How striking the contrast between the cheerless depository of heathen ashes, and the cheerful resting-place of the Christian dead! Such a contrast may best be seen in those countries where the remains of heathen antiquity are ranged side by side with the records of the early Church. On one side are the urns, in sign that men's bodies, as expecting no further recall, have been consumed to ashes; and the inverted torch of love teaches, that the object of affection is irretrievably lost. But pass to Christian tombs, and the objects which deck them speak of returning spring and reviving life; you find such flowers and insects as imply a new being and more glorious existence; or perhaps Jonah, or some other well-known emblem of the resurrection; above all, the cross witnesses the ground of their hope in death. Such are the fitting signs in those places in which, according to our ancient form for the assignment of a churchyard, the bodies of the Christian dead are laid up against the day of the general resurrection.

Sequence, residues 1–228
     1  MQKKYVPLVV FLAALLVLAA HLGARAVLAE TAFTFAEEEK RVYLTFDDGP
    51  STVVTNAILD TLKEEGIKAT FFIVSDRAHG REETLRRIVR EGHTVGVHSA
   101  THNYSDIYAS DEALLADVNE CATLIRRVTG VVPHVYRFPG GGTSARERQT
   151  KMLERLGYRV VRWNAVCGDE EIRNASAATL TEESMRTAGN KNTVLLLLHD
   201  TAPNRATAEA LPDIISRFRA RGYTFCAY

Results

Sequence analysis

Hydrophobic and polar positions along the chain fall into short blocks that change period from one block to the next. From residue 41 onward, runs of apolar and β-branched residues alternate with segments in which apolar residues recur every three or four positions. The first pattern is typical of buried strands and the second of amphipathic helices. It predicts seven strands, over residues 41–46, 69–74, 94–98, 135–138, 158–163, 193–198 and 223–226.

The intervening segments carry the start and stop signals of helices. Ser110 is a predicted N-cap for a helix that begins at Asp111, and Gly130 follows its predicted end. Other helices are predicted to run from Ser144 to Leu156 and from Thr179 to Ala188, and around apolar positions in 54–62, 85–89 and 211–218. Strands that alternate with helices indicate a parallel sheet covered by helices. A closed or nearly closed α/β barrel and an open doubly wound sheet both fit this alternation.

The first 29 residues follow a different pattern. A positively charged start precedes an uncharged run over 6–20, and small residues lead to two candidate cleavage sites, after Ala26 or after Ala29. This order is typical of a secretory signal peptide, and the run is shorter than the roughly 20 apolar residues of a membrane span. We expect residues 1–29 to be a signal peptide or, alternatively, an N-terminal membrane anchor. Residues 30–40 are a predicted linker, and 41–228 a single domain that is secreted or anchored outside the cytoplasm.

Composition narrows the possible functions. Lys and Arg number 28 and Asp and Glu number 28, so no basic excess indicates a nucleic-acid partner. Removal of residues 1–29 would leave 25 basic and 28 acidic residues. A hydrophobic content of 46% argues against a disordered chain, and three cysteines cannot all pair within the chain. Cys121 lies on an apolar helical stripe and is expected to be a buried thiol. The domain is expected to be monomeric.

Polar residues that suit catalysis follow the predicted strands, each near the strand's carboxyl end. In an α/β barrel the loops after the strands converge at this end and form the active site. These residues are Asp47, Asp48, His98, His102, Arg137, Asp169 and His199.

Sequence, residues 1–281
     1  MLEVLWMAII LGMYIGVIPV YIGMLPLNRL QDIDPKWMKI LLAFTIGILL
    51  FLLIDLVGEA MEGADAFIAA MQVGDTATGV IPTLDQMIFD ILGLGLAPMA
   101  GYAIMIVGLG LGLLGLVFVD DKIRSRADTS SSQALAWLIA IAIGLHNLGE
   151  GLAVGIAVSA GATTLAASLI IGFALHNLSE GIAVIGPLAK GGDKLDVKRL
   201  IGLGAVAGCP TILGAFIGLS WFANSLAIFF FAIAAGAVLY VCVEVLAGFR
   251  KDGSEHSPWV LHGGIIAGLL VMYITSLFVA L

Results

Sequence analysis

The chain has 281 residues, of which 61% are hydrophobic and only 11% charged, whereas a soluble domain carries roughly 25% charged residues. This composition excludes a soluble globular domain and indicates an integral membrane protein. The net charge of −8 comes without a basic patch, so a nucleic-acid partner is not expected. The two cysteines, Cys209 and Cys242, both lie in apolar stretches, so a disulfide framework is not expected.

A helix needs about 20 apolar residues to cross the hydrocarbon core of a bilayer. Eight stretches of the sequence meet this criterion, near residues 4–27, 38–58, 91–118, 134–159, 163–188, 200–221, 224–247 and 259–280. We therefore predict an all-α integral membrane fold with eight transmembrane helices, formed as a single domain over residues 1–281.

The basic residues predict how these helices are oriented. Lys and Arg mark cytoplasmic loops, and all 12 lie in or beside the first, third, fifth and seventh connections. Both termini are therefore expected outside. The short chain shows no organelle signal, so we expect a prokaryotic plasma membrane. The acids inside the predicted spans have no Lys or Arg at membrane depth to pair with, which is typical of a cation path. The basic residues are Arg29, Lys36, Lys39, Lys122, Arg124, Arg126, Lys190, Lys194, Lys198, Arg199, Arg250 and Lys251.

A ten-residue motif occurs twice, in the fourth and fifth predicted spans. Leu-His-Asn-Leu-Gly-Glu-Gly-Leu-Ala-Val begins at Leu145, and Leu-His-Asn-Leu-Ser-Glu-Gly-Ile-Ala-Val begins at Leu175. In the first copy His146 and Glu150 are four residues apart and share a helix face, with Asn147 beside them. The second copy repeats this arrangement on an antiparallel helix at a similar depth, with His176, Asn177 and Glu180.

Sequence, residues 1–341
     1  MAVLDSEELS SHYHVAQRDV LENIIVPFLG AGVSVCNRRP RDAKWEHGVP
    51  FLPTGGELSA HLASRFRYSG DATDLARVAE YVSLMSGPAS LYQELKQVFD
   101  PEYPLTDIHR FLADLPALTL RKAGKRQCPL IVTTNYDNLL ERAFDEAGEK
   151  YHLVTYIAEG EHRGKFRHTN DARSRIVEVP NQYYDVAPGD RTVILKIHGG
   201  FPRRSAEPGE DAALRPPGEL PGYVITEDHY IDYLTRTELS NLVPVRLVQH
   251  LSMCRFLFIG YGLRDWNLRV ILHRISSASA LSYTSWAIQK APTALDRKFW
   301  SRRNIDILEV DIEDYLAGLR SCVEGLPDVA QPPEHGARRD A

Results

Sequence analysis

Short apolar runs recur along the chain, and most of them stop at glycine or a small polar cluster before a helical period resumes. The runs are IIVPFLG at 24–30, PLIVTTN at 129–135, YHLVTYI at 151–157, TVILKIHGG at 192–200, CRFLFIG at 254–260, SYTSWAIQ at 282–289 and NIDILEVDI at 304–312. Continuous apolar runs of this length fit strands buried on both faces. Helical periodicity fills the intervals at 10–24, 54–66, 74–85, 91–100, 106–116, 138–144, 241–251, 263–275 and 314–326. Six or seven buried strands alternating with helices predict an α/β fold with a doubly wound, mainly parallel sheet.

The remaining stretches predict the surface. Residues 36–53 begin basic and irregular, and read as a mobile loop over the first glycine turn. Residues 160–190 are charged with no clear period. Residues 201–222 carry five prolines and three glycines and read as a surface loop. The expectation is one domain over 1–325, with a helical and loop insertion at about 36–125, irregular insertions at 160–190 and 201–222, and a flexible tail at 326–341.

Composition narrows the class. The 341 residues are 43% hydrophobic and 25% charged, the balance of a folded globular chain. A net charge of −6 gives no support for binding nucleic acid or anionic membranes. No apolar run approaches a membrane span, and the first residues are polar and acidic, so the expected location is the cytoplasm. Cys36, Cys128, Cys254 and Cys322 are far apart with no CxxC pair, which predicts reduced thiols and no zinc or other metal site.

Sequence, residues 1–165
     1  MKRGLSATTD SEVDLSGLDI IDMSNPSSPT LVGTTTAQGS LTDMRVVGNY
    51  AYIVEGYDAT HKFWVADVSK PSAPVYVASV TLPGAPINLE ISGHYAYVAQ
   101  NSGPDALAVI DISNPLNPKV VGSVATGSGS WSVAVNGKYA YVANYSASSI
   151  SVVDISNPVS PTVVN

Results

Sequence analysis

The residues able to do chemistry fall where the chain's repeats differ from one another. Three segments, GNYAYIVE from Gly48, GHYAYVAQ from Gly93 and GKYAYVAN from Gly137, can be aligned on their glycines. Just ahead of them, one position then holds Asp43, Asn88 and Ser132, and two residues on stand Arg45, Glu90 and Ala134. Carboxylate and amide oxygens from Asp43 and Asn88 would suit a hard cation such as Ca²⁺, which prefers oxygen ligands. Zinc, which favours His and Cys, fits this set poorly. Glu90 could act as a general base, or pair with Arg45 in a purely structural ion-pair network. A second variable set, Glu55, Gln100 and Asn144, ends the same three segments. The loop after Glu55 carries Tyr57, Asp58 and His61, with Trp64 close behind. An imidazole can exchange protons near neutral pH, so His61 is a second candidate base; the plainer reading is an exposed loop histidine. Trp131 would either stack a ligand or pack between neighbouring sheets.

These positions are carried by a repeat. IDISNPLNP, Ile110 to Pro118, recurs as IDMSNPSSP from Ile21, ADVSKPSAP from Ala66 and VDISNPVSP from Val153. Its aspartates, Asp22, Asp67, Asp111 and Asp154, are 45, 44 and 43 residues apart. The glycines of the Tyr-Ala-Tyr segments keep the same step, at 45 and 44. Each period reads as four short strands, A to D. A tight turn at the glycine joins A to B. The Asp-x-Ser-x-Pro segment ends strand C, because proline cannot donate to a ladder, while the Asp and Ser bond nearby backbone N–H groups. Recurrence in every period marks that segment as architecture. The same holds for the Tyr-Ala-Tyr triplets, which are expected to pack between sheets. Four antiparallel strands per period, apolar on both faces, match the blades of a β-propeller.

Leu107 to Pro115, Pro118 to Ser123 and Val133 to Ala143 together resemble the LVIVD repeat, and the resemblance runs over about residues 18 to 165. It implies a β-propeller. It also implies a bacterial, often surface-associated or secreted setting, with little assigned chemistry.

Such a contrast as this could not fail to strike the heathen, and it applies to all the circumstances which attended death. Hence the Apostate Julian made it a charge against the Christians, that "the bodies of their dead are carried to their graves with great concourse of people, which is an ominous sight, and a defilement to the eyes of men. For how can the day," he says, "be auspicious, which sees a funeral? or how can men go thence to the gods and to the temples?" And this feeling was not less encouraged by the Jewish Law than by the natural hopelessness of heathen ignorance. The Law, too, made the dead body a pollution. Whosoever handled it was defiled. "Whosoever toucheth one that is slain with a sword in the open fields, or a dead body, or a bone of a man, or a grave, shall be unclean seven days." Therefore, when Josiah would defile the altar of Bethel, he burnt on it the bones of men. And hence was death bewailed by such companies of mourners as those whom our Lord banished from the house of Jairus; and not from his house only, but likewise from the whole Church of the redeemed. Instead of the minstrels and people who made much ado and wept, the custom of the early Christians, as the Apostolical Constitutions assure us, was to carry forth their friends with the voice of Psalmody. "The souls of the just," they say, "are in the hand of the Lord." "Precious in the sight of the Lord is the death of His saints." And in the same spirit has our Church given its full meaning to the inspired anticipations of Job, or borrowed from the closing vision of the Revelation--"I heard a voice from heaven saying unto me, Write, from henceforth, blessed are the dead which die in the Lord."